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Admitting ignorance led to creativity

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in Leaders & Managers,Leadership Skills

After launching Blue Bottle Coffee in 2002, James Freeman has grown it into a high-end retailer with popular urban cafes. In 2012, he decided to expand the business by revamping its online store.

Freeman met with his top managers to brainstorm about ways to design an online store that would complement Blue Bottle Coffee’s distinctive brick-and-mortar cafes. They began by diagramming how web shoppers might navigate through the online store.

They soon found themselves grappling with an important question: How should they organize the company’s core product—coffee—in an appealing, easy-to-understand manner?

Its customers needed to choose among more than 10 types of beans. In the physical stores, they could ask baristas for help. Initially, the group agreed to organize the coffee varieties based on the region of the world where they were grown. That way, consumers could choose among African, Latin American and Pacific beans.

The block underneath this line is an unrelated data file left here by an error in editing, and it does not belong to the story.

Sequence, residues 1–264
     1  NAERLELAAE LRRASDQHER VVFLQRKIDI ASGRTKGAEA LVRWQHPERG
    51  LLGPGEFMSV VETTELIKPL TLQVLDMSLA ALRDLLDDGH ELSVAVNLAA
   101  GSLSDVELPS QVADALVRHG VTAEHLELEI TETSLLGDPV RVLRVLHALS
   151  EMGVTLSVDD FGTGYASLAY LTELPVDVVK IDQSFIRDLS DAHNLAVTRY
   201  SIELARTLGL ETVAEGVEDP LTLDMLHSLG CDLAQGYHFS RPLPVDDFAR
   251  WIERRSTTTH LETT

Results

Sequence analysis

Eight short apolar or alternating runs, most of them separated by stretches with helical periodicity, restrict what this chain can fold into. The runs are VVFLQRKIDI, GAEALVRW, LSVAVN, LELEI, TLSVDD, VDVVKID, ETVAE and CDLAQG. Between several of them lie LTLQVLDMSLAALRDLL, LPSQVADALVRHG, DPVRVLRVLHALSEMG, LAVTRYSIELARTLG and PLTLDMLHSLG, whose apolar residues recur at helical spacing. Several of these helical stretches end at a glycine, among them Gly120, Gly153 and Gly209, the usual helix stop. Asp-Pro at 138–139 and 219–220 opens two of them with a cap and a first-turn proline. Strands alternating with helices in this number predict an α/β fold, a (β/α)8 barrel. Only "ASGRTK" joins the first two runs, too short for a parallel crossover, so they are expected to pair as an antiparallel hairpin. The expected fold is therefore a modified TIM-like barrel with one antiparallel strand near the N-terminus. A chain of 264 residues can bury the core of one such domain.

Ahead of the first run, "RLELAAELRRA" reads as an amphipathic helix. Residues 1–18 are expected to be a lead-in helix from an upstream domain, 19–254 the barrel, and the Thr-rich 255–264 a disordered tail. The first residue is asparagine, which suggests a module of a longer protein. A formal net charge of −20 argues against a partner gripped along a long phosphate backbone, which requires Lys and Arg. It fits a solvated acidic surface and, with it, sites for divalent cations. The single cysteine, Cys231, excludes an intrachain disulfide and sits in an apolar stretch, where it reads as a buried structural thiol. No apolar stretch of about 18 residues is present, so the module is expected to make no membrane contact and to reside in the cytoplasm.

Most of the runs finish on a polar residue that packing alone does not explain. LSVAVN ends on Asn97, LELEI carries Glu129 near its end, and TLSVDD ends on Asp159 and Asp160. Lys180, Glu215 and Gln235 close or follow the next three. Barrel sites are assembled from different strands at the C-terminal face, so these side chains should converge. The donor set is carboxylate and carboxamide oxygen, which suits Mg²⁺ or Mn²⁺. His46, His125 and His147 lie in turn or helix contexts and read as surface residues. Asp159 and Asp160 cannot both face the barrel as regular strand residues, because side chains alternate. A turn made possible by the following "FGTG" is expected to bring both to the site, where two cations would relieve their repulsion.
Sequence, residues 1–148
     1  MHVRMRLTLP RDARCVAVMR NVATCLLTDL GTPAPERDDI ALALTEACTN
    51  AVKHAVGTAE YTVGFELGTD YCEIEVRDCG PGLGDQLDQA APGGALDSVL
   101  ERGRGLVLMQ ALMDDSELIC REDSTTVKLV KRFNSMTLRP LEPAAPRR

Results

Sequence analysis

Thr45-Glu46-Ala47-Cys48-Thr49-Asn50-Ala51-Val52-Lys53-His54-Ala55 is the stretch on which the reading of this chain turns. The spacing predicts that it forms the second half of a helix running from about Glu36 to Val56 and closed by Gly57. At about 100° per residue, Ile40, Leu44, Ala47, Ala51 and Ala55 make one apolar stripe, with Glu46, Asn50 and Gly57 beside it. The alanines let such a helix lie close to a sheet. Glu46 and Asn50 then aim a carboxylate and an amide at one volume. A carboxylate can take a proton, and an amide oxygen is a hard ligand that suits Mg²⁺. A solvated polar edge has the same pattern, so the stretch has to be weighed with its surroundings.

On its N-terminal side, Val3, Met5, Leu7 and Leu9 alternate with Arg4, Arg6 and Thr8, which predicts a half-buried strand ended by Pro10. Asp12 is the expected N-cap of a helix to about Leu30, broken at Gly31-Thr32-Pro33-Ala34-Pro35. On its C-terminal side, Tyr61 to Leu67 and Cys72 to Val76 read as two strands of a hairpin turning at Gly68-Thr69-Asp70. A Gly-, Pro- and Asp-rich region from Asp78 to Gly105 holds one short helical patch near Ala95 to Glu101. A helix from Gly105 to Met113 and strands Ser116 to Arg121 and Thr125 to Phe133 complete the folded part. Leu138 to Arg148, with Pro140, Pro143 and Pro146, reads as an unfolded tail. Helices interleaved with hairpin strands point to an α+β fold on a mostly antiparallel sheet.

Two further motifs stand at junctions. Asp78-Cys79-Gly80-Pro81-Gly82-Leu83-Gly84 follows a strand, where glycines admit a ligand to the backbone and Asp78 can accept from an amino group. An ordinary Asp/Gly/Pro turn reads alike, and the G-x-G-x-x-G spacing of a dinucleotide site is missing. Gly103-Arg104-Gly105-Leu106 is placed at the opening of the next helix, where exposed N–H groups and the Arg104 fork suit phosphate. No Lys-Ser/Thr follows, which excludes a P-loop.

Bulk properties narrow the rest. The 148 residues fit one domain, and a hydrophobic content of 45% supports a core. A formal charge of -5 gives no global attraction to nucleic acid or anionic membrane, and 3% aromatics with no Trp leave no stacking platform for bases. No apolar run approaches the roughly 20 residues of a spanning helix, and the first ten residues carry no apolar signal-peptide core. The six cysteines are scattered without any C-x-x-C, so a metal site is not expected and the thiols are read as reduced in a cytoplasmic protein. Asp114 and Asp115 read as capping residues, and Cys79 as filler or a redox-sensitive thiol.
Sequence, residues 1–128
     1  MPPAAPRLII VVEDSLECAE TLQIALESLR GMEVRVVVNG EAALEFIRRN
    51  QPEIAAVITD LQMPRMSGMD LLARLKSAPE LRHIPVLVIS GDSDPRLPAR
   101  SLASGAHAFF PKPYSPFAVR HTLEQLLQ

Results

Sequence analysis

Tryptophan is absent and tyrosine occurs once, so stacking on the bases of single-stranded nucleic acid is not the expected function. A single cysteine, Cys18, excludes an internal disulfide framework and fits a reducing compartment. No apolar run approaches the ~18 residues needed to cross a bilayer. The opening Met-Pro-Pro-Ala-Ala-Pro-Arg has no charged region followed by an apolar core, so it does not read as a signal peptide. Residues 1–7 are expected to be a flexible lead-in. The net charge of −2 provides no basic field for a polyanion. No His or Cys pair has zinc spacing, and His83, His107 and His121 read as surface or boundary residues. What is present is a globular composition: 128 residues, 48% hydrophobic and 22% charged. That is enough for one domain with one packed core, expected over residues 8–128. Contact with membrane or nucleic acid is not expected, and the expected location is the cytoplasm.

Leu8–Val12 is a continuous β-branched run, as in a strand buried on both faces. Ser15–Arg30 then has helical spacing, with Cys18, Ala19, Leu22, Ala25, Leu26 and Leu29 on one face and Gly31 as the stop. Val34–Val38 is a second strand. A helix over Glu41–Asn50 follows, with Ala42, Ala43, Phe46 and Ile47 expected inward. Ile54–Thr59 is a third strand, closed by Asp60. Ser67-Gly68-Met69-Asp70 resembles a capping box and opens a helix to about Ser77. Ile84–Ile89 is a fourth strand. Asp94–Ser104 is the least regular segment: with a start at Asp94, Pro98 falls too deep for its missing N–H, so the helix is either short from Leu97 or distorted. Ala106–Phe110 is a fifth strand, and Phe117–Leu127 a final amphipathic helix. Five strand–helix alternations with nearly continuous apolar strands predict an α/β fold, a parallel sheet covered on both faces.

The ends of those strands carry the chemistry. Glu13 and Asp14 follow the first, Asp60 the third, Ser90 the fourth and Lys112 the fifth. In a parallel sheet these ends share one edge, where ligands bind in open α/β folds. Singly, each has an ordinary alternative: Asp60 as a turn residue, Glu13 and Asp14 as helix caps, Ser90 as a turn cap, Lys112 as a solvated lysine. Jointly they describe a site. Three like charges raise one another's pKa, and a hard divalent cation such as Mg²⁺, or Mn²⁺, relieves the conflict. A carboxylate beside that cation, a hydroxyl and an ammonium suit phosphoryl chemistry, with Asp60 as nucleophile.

But, then a manager admitted that he didn’t know what the regions meant. It was a gutsy thing to say, because coffee snobs often claim that beans from a certain region are superior to others. Freeman rewarded his colleague’s brave admission by admitting that he, too, didn’t fully understand the regions.

As a result, Freeman’s brain trust de­­vised creative ways to convey lots of information to online shoppers—and not assume their customers were sophisticated coffee experts. When they unveiled their website a few months later, it proved a huge hit and online sales growth doubled.

— Adapted from Sprint, Jake Knapp, John Zeratsky and Braden Kowitz, Simon & Schuster.

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